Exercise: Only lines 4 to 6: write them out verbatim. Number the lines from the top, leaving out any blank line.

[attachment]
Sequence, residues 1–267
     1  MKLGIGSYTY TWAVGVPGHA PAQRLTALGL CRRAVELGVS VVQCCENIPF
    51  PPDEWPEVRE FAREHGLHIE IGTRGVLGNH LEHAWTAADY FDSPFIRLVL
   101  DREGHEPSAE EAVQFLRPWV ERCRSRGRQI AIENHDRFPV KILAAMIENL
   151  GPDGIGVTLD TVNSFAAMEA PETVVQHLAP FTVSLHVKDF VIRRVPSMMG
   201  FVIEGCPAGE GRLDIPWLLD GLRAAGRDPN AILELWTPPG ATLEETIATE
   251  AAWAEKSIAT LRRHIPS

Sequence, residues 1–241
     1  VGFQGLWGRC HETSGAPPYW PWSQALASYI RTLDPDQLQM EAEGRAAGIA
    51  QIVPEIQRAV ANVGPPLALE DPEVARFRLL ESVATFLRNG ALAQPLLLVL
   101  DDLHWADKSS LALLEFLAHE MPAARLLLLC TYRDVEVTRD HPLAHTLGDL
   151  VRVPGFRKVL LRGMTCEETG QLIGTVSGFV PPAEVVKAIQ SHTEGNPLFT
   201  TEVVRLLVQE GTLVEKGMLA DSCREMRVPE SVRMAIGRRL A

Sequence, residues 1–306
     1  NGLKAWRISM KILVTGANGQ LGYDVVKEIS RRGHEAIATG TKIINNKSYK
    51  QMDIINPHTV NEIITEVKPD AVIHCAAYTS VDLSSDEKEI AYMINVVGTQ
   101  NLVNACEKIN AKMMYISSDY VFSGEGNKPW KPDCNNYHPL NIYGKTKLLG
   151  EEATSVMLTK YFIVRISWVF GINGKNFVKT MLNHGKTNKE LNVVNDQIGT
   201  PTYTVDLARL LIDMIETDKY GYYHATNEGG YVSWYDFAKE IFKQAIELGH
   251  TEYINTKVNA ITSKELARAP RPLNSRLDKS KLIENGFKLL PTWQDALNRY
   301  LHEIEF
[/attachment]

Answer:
   101  DREGHEPSAE EAVQFLRPWV ERCRSRGRQI AIENHDRFPV KILAAMIENL
   151  GPDGIGVTLD TVNSFAAMEA PETVVQHLAP FTVSLHVKDF VIRRVPSMMG
   201  FVIEGCPAGE GRLDIPWLLD GLRAAGRDPN AILELWTPPG ATLEETIATE